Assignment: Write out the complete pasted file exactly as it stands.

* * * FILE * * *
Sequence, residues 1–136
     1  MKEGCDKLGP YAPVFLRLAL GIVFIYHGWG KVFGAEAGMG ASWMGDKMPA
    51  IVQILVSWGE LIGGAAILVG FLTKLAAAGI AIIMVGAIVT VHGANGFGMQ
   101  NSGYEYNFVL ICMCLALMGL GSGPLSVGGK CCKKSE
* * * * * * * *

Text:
Sequence, residues 1–136
     1  MKEGCDKLGP YAPVFLRLAL GIVFIYHGWG KVFGAEAGMG ASWMGDKMPA
    51  IVQILVSWGE LIGGAAILVG FLTKLAAAGI AIIMVGAIVT VHGANGFGMQ
   101  NSGYEYNFVL ICMCLALMGL GSGPLSVGGK CCKKSE